The Carmelite Catholic Church and the monastic complex

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The Carmelite Catholic Church and the monastic complex, 18th century. Patrimony number 1153. Monument of national value. Located in: Bilshivtsi, Ivan Franko Street, no. 4.
Initially, in 1624, there was a wooden Catholic church in this place. Later, the church and monastery were fenced with brick walls. During and after the end of the battle of 1655, the wooden church and the monastery were abandoned. In 1717 the construction of a new brick Catholic church began here. Along with the church, the sanctums of the Carmelite monastery were built.
In the 18th-19th centuries, the monastery was one of the largest Catholic centers of culture and education in Galicia. The monks printed books, painted icons, cared for the sick. In addition to the monastery, there was a school where six orphaned girls studied.
The facades of the Catholic church are decorated with numerous bays characteristic of the Baroque style, ornate cornices, patterned vases. Inside, the traces of a rich decoration are preserved, and on the walls, fragments of frescoes from the 18th century can be observed.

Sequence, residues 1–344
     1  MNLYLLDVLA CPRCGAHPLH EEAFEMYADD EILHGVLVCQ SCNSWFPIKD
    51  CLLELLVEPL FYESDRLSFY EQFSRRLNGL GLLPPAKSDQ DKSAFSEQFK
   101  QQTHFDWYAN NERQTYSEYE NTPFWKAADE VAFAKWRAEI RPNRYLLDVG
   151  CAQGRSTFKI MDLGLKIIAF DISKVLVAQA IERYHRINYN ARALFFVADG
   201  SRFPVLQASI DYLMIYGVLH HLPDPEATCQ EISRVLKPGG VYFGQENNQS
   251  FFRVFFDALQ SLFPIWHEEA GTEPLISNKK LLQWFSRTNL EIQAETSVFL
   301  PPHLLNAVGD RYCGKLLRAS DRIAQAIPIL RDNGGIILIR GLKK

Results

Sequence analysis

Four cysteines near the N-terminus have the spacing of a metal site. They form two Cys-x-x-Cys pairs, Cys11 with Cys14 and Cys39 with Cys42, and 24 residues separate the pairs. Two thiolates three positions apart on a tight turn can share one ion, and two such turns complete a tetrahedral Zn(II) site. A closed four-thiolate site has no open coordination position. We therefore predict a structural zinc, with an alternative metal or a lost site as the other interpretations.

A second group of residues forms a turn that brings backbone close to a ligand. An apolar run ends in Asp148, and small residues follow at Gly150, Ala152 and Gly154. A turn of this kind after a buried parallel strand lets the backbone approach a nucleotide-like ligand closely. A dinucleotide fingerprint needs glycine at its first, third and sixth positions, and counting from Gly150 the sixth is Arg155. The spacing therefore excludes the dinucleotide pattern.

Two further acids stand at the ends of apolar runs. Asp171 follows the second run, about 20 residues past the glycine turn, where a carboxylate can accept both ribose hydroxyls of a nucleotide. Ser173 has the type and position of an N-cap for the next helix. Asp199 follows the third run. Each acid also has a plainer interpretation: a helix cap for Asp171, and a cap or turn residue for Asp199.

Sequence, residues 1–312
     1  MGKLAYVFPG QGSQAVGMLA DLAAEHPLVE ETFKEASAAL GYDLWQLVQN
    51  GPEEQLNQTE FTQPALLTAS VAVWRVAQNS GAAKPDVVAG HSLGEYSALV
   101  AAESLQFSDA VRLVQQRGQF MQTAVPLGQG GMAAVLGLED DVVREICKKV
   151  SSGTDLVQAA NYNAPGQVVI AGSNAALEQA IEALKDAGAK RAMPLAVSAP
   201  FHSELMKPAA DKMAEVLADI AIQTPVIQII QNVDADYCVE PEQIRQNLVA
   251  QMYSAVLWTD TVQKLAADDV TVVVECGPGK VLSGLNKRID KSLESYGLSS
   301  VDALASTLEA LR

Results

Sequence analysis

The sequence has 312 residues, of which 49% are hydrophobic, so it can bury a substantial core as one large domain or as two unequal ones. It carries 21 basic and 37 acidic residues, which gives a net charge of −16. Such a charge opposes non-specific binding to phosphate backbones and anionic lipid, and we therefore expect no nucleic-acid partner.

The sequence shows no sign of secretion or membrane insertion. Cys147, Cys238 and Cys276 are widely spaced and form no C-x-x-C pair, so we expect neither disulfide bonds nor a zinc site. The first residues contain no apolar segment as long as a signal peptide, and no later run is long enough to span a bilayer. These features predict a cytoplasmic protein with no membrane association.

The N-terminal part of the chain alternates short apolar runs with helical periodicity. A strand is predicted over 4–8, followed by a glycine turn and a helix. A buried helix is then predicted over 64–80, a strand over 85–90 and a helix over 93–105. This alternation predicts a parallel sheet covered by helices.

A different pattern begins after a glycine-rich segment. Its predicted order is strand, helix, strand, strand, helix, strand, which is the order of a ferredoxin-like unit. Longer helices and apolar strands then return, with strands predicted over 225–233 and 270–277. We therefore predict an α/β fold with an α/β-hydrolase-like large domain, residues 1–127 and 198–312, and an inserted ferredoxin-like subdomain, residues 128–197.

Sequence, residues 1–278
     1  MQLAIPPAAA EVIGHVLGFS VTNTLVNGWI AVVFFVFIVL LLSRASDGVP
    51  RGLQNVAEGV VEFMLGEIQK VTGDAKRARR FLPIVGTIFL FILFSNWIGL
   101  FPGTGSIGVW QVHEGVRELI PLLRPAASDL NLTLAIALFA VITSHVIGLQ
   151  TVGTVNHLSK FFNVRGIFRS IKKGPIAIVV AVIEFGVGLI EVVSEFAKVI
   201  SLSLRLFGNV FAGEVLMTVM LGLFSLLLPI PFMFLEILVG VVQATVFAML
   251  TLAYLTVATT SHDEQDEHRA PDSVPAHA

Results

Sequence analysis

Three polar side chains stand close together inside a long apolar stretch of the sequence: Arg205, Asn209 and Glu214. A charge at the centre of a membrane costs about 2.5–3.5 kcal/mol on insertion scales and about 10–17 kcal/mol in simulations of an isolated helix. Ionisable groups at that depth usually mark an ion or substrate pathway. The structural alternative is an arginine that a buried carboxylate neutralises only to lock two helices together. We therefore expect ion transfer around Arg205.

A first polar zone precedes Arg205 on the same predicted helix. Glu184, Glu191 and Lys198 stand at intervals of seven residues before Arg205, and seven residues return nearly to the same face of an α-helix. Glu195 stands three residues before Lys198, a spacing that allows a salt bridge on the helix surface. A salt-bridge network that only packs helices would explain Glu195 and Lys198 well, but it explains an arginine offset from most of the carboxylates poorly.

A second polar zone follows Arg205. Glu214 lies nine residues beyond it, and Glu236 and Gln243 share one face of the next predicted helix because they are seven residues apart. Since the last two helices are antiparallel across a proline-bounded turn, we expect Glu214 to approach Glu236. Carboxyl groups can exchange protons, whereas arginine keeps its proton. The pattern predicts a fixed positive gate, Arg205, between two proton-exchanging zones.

In the 19th century, the Carmelite monastery was considered the largest in Galicia, a fact attested in the archival documents from the pre-war period. Icons were painted here, books were printed, the poor and the sick were helped. In the years of the First World War, the front line passed through Bilshivtsi, due to which the monastic complex suffered significant damages.
After the Second World War, the church ceased to fulfill its spiritual function, its rooms being used as a grain depot and pig barn.
In 1990 the church was returned to the Roman Catholic community. Currently, the monastery belongs to the Franciscan order, which deals with the restoration of this monastic ensemble. During the archeological excavations around the sacred edifice were found fragments of pottery from the Tripolye period, flint tools from the Stone Age, as well as relics from the Bronze Age, all of which are very valuable for researchers. Every summer, a large number of Roman Catholic pilgrims gather at the church.

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